Pride month is a time of reflection, celebration, and community. As Ohio faces an onslaught of anti-LGBTQIA+ legislation, trans and queer youth deserve space to celebrate who they are.

Pride month is a time of reflection, celebration, and community. It is an opportunity for LGBTQIA+ individuals to honor themselves and take pride in individual and collective identities. As Ohio and the rest of the nation face an onslaught of anti-LGBTQIA+ legislation, trans and queer youth deserve space to celebrate who they are. While Ohio continues the fight against HB 454, which attempts to ban gender-affirming care, and HB 151, proposing to exclude trans women from sports, it is necessary that we recognize and uplift all communities that these bills harm. Many people support expanding the LGBT flag and acronym to include Black, brown, queer, intersex and asexual communities. Including these communities in the fight against anti-trans bills is even more critical.

The “I” in LGBTQIA+ stands for “intersex,” an umbrella term for people with variations in sex characteristics falling outside what we traditionally view as male or female bodies. There are many ways to be intersex that account for variations in chromosomes, genitals, and/or internal organs like ovaries or testes. People with intersex bodies may discover that they are intersex at birth, during puberty, or even later in life. Intersex people are a lot more common than most people think: Up to 1.7% of the world’s population is intersex, making it almost as common as having red hair or green eyes. Research suggests that as many as 1 in 100 people are intersex.

Depending on the variation, intersex children undergo nonconsensual surgeries as early as infancy and are subjected to hormone replacement therapy so that their body fits into the socially constructed binary of sex. This treatment differs from transgender children, who do not undergo surgeries until they are able to consent and whose access to hormone replacement therapy is threatened by current legislation. Some intersex people identify as transgender; however, these identities are separate and should not be conflated. House Bill 151 will cause direct harm both to the intersex community and the trans community by requiring genital inspections and “medical assessment” if a person suspects an Ohio athlete of being transgender. Some intersex children demonstrate secondary sexual characteristics typically associated with male and female bodies; therefore, they are particularly vulnerable to being singled out by any form of trans sports ban.
Forced medical examination of children could “out” intersex people who prefer to keep their identity private or may not even know that they have an intersex variation. Some athletes have even found out that they are intersex because of genetic testing for professional sports qualification. House Bill 151 would force children to find out at the hand of their school’s sports team. Many intersex people do not disclose this identity for fear of discrimination and violence. Families and doctors of intersex people frequently instruct them to keep their identity a secret due to stigma and shame. Doctors may inform intersex people that they have a “genetic medical condition” without further explanation that they are, in fact, intersex. For people who know they are intersex, those who know and choose to keep it private, or those who don’t yet know, House Bill 151 will cause significant harm.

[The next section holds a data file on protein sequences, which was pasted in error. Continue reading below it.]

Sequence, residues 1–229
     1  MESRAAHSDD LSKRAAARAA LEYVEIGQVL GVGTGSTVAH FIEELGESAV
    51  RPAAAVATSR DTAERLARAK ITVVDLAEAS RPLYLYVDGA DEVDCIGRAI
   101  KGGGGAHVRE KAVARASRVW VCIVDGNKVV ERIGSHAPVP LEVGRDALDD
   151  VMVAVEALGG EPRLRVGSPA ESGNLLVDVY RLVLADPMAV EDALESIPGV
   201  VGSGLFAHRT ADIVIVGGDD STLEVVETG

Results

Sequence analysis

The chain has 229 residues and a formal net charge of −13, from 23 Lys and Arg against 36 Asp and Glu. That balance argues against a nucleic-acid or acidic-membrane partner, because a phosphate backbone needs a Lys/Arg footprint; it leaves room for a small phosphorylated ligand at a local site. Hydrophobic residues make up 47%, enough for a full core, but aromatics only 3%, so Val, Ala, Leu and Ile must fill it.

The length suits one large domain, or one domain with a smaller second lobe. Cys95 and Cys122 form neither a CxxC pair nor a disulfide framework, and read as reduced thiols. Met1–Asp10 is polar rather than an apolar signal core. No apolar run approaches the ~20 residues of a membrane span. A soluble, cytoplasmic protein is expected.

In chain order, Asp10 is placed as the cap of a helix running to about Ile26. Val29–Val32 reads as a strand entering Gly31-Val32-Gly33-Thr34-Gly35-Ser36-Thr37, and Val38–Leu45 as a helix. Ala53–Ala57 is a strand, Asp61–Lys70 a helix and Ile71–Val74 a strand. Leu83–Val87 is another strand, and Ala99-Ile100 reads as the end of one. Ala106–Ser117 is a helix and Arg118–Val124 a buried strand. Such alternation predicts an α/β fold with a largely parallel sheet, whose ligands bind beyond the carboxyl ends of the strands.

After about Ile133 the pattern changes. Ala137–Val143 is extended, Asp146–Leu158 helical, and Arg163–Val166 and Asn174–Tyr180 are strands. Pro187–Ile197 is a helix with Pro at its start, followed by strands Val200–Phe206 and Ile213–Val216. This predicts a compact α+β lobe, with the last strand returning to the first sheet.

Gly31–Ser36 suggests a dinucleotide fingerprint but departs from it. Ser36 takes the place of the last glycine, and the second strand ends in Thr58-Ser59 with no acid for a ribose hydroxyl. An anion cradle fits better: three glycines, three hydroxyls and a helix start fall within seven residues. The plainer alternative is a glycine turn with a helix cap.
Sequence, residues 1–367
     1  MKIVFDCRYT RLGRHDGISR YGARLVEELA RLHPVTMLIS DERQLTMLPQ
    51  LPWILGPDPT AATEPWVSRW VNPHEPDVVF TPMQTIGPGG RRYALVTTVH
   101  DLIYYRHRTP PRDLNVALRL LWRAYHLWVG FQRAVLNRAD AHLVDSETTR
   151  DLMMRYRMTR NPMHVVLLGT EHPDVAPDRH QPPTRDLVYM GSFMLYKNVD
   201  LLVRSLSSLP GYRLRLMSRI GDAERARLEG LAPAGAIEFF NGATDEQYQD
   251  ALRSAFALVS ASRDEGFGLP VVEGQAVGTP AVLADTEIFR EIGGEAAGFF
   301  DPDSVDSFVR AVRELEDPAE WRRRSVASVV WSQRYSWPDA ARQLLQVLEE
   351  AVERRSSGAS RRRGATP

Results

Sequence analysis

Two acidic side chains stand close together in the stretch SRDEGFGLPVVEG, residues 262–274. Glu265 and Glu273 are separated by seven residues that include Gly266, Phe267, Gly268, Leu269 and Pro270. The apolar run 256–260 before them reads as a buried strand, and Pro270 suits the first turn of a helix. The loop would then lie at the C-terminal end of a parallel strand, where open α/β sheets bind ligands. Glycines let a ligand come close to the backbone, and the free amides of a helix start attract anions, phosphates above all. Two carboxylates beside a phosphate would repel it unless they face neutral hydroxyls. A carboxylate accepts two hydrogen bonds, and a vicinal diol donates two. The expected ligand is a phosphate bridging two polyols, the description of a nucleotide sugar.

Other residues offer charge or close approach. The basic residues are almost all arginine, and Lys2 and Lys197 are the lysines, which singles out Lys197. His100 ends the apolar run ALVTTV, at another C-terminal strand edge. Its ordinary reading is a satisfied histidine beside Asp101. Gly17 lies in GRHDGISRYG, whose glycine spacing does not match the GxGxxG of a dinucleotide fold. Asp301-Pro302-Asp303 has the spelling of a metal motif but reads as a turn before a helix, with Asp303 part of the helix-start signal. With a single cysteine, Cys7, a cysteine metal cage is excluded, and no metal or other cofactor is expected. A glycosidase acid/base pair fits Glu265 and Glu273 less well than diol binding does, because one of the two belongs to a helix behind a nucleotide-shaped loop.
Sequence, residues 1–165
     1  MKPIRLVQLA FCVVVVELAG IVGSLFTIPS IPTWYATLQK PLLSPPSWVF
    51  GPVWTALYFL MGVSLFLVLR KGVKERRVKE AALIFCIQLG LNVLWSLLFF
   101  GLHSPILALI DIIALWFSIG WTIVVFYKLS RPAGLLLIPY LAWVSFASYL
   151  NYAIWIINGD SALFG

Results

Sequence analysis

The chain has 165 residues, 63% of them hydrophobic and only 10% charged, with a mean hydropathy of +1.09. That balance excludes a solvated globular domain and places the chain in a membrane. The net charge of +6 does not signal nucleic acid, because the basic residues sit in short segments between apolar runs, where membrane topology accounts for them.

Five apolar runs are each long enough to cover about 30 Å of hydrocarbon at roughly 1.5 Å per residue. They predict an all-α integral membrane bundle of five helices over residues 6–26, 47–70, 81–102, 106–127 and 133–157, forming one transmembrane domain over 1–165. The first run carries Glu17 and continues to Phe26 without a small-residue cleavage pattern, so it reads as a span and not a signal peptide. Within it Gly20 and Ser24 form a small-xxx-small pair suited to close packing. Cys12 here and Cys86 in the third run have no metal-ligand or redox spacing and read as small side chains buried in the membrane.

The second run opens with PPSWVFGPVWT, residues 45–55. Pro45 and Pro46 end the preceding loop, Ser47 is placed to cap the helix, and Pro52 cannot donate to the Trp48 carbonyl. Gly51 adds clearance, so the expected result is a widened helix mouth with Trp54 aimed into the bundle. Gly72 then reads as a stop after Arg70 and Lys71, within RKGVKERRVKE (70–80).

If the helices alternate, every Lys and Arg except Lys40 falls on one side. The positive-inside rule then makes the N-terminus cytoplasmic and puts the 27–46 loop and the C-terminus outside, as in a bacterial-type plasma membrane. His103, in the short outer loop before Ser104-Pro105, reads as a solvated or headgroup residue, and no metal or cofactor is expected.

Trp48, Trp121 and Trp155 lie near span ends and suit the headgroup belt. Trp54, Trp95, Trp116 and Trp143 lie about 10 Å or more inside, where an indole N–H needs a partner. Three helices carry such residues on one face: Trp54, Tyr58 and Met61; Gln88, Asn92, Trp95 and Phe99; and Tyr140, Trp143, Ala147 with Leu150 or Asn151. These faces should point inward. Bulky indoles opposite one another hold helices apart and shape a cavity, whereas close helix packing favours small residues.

Additionally, House Bill 454 explicitly excludes intersex people from the language banning gender-affirming care for trans youth however, it causes harm to the intersex community by enshrining a doctor’s ability to perform nonconsensual surgeries on intersex bodies. Intersex people, just like trans people, need autonomy to make decisions about their bodies. Doctors should not force intersex children to receive surgeries or medical intervention for cosmetic purposes unless these surgeries are medically necessary or the person can provide consent.

At a glance, it would appear that trans people and intersex people face opposing problems: intersex people are forced to undergo medical intervention, while trans people suffer gatekeeping and prohibition from medical intervention. At their core, however, these problems are two sides of the same coin in the fight for sexual and gender minority bodily autonomy.

Pride month is a time for celebration, reflection, and community. It is a time to acknowledge our resilience, cherish our chosen families, and recommit to the fight that still lies ahead. While many strides have been made to ensure inclusivity through the use of updated acronyms and flags, our fight for bodily autonomy and liberation must also be inclusive. The discrimination that trans and intersex people face stems from the same social constructs and cis-sexism attempting to confine bodies into a binary when, scientifically, this binary does not exist. All children deserve to explore themselves, articulate their gender identity, and be listened to by parents and caregivers before making medical decisions. All children deserve access to sports without fear of discrimination.

This pride month and beyond, we will continue to mobilize for policies that support LGBTQIA+ youth and the entire community. Join us at a Pride event near you.